Motorists rescued as Hurricane Ida floods roads in New Paltz

The swollen Wallkill River from Springtown bridge along the Wallkill Valley Rail Trail last Thursday evening. (Photo by Erin Quinn)

Roads were closed, fields and farms were flooded and cars submerged during this past Wednesday and Thursday as Hurricane Ida left some traces of its presence in Ulster County after touching down in Louisiana on Sunday.

Despite the County having closed several roads that led west of the Wallkill River in New Paltz that were flooded — including Route 299, Springtown Road, Dug Road, portions of Huguenot Street and Old Kingston Road — some motorists decided to drive past the barricades, with at least two of them becoming submerged and drifting northward. “We did have a vehicle last evening become submerged between Wallkill View Farm and the bridge,” said New Paltz Police chief Rob Lucchesi. “There was another incident on Dug Road. The waters were high and the current was strong, and that’s why the barricades were up; but some people chose to go around them.”

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The chief said that there were no injuries reported, but emphasized that when people attempt to drive on roads closed due to flooding, “It puts our emergency responders at risk, because they have to go out and make the rescue. Those roads are closed for a reason, and people need to respect Mother Nature. That water was high and it was moving fast.” The car in question was left to float, while the operators were rescued, until it could be towed.

According to Lucchesi, the New Paltz Fire Department responded to a lot of calls, including the submerged cars and flooded basements and an array of situations caused by the heavy rains. “From an operational standpoint, we have to make sure that we have emergency responders stationed west of the Wallkill before the event occurs, so that we can get to people if they need us. That goes for the Police Department, the Rescue Squad and the Fire Department. We also work in cooperation with other enforcement agencies like the State Police and County Sheriff’s Office to ensure we’re able to respond to a call.”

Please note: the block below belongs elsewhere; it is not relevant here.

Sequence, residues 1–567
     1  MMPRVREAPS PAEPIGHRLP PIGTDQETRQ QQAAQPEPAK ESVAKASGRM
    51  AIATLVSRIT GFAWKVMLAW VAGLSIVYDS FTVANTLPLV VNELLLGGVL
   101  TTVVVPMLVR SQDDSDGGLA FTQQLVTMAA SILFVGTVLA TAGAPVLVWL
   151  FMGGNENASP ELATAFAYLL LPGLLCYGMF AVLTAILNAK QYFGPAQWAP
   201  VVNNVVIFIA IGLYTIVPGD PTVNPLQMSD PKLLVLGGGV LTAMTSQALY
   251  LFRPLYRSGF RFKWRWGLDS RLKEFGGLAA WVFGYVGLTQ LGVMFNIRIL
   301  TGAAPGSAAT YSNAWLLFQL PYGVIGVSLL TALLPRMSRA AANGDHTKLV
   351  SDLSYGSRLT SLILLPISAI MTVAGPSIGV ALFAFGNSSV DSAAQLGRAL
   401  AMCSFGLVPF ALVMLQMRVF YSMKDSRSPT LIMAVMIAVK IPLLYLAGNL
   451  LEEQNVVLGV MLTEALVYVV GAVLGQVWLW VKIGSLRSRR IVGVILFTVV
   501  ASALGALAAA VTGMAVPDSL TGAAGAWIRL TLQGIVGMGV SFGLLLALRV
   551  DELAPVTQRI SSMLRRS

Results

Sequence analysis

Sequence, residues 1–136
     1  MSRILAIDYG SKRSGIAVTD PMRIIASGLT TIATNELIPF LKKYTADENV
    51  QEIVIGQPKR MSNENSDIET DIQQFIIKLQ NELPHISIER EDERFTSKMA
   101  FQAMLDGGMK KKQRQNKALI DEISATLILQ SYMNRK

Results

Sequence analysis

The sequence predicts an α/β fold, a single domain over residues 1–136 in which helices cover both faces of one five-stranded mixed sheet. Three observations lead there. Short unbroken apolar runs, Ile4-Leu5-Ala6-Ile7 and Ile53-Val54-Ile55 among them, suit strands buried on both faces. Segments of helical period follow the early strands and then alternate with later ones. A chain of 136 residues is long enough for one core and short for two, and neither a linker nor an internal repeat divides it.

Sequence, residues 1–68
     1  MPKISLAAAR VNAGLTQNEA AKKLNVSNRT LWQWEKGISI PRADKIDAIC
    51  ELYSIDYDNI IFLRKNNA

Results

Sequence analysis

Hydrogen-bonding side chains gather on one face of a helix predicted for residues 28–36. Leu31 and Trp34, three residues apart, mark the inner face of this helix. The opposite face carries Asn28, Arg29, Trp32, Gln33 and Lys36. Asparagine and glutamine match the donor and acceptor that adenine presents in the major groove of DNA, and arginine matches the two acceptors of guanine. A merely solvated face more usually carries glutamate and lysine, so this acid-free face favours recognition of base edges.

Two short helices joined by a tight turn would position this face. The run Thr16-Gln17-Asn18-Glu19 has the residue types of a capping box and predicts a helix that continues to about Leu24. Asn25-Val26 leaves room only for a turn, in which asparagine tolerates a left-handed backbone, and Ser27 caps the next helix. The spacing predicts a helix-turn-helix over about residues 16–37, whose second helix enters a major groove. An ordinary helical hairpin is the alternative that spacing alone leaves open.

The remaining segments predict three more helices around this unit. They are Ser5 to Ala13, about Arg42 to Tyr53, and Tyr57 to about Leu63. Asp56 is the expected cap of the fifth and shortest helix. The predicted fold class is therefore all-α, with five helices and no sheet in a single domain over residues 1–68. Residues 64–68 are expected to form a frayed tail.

With all of the rain that fell, the chief said that in his estimation, “We were lucky. The roads are open now and there were no injuries reported.”

Farms and gardens and basements were not so fortunate, as the rains took their toll on all three. New Paltz’s bountiful village communal gardens, the Gardens for Nutrition, were completely flooded out, as they lie in a field by the banks of the Wallkill River. The sunflowers that line Route 299 from the bridge to Wallkill View Farms — a hallmark of late August and early fall, designed and planted by the Ferrante family — were looking ragged and disheveled this Friday morning, many of them still underwater and the rest attempting to lift their heavy heads towards the sun.

Echoing the concern nationwide and worldwide about warming temperatures and increased flooding brought on by global warming, New Paltz Climate Action groups have been posting relevant information on both the Village and Town of New Paltz websites.  The Climate Smart Communities Task Force has a flood map PowerPoint that illuminates the reasons behind increased flooding, severe weather events, record heat waves and a pattern that is putting our entire ecosystem — human and more than human — at great risk. These links to government websites were provided to Hudson Valley One by Janelle Peotter, the New Paltz Climate Smart Coordinator.

To learn more, go to www.townofnewpaltz.org/climate-smart-communities-task-force. For the Flood Map PowerPoint presentation, click on the left side: www.townofnewpaltz.org/climate-smart-communities-task-force/files/flood-map-powerpoint-presentation. More information on climate change impacts on New Paltz is available at www.townofnewpaltz.org/climate-smart-communities-task-force/files/summary-points-new-paltz-climate-vulnerability-assessment. These same resources can also be accessed via the Village of New Paltz website at www.villageofnewpaltz.org/climate-smart-task-force.

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